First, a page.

You are baffled by the worksheet too. You are about to click the Share button.
But here are five reasons that’s a bad idea.
Almost invariably, the parent who shares the worksheet cites a degree as a credential for the critique. “I have a Bachelor of Science in electronics engineering,” wrote the parent in the recent “Letter to Jack”.
The math you need to know to be an electronics engineer is different from the math you need to know to be a math teacher. I am quite certain that electronics engineers use math that I have not studied, and similarly I use mathematical ideas that they have not studied.
When my teacher friends watch the following video of my son Griffin, they tend to see that a number line would be the right thing to draw to capture his thinking, and they tend to know what is coming when he goes to solve the problem on paper. They tend to describe my son’s work as demonstrating competence or proficiency with subtraction, but suffering mechanical errors when solving with paper and pencil.
Non-teachers who view this video are less likely to see a connection to the number line, and they tend to consider Griffin’s knowledge of subtraction to be weak.
The difference is that teachers have a different kind of mathematical knowledge from electrical engineers. Not necessarily more or less knowledge—different knowledge. This is because different mathematical knowledge is required to do their job.
Deborah Ball refers to this different knowledge as mathematical knowledge for teaching. It is what mathematics teachers know who are more successful in their work. This knowledge includes common errors with standard algorithms, as well as their sources [start at about 2:30 in this video]. It includes common correct, alternative ways of performing and showing computations.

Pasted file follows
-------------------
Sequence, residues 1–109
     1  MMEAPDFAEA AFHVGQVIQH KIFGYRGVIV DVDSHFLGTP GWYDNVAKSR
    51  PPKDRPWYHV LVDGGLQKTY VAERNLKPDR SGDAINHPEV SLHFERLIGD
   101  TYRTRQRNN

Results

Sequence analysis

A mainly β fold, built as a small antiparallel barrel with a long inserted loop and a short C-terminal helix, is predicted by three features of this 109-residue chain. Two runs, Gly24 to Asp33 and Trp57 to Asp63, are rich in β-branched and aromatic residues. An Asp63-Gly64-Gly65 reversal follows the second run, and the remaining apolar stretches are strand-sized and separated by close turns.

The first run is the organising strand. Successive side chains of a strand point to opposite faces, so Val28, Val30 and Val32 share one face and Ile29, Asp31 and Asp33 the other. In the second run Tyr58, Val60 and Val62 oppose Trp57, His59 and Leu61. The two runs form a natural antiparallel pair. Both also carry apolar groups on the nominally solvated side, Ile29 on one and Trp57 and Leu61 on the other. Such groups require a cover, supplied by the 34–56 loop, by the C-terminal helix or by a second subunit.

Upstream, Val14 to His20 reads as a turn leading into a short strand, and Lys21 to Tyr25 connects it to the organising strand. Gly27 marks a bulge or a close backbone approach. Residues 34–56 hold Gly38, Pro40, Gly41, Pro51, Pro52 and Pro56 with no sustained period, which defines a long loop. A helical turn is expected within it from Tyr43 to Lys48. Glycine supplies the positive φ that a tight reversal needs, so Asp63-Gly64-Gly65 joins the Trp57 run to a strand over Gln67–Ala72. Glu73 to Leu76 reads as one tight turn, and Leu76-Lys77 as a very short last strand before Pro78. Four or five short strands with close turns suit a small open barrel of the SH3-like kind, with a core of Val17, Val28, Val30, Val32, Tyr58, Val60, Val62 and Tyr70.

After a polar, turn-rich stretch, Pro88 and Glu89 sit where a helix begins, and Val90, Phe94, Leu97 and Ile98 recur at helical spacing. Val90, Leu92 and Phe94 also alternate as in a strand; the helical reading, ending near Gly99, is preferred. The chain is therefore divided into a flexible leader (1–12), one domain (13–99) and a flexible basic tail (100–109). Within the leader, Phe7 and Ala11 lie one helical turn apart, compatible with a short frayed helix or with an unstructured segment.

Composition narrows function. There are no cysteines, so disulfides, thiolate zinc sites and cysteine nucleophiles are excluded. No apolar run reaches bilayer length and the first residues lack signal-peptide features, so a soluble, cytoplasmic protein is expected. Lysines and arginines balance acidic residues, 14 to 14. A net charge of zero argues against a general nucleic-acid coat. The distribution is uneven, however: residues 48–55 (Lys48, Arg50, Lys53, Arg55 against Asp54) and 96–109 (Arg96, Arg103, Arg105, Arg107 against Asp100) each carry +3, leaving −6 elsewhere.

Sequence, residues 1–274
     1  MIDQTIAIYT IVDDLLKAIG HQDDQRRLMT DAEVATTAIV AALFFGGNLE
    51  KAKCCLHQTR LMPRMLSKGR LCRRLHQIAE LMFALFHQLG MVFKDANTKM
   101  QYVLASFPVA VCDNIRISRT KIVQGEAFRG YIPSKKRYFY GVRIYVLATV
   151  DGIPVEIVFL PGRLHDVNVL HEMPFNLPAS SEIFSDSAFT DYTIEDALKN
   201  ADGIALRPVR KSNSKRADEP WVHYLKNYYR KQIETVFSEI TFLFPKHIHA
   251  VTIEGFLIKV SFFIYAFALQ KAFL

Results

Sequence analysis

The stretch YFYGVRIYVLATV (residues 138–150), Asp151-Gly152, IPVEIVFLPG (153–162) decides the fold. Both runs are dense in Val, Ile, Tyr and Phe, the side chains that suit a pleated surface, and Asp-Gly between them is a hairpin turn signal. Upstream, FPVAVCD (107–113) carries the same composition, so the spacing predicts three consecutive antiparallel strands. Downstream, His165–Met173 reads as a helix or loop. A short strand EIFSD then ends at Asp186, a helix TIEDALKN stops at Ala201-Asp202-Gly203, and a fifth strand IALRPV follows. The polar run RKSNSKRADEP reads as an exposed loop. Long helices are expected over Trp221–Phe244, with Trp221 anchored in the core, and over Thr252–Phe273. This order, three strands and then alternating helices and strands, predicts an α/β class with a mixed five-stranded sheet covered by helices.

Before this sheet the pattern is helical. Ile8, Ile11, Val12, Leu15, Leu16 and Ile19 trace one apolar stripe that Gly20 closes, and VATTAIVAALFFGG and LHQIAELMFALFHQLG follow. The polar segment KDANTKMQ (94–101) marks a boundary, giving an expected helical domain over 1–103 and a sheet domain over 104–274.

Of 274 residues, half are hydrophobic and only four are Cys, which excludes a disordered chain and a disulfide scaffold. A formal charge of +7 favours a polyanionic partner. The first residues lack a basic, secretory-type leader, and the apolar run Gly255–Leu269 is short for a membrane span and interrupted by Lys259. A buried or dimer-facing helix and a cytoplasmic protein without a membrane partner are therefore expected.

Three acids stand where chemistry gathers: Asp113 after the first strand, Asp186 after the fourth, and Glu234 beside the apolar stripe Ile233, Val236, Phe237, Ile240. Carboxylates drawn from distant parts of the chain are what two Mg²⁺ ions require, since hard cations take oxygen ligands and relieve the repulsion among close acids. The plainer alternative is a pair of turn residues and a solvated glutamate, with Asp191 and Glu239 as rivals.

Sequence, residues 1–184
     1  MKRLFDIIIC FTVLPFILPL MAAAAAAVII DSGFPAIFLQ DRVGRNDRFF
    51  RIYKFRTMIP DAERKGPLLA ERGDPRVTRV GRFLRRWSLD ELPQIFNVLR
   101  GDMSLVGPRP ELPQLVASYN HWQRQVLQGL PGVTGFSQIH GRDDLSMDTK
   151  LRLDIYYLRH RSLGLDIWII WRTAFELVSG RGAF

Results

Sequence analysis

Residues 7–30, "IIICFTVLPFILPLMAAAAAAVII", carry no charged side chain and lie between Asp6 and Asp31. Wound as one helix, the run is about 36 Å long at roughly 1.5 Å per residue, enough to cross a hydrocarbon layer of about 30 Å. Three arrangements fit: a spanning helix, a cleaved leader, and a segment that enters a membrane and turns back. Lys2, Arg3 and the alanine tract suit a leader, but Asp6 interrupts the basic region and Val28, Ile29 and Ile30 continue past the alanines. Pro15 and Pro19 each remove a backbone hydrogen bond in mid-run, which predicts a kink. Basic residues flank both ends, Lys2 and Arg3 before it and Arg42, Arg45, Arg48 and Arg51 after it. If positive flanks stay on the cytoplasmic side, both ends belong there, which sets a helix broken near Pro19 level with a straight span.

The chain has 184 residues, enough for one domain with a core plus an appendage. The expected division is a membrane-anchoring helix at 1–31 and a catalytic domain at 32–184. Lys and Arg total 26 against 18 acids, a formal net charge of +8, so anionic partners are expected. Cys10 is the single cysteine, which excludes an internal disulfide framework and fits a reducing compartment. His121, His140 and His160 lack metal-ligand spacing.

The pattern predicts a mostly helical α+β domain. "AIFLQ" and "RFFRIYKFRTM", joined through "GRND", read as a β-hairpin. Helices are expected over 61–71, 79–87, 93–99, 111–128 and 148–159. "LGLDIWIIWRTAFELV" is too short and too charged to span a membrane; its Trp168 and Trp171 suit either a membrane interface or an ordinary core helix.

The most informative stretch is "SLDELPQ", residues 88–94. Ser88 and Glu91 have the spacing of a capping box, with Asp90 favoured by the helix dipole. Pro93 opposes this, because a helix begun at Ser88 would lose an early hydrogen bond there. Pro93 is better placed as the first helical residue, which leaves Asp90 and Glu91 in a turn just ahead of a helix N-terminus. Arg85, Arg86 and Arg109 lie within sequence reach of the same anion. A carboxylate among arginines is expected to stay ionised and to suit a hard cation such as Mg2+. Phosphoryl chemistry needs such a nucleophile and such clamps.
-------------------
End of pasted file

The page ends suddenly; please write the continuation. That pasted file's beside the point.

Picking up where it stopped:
Moral of the story: You may not want to look to an electrical engineer as your primary resource for the current state of math teaching.
Homework time can be stressful. This is not new to Common Core.
Parents are trying simultaneously to be helpers and enforcers. When a child does not understand what appears to be something simple, tempers can flare.
We parents are not at our most rational at these times, and this may prevent us from fully understanding the goal of the task.
When Frustrated Parent wrote to Jack, he committed two important errors of misinterpretation: (1) He assumed that Jack’s method was being taught as a preferred algorithm for subtraction, and (2) He assumed that something unfamiliar to him must be complicated.
These are totally understandable. I do not hold Frustrated Parent in contempt for his frustration.
I am simply asking the rest of us to resist sharing without asking critical questions.
The strategy shown on this particular worksheet is counting back.
This is how many people count change: You gave me $20.00 for a $3.18 item, so you get $17 minus $0.18 in change…that’s $16.90 minus $0.08…$16.82.
The number line Jack drew captures this thinking.
The number line could have been improved by (1) arrows on the arches, and (2) smaller jumps to suggest that Jack is counting by a small number (as it is, the relative sizes of the pictured jumps on the number line suggest Jack is counting by 10s or 20s to the left of 127—as Frustrated Parent notes in a later Facebook post).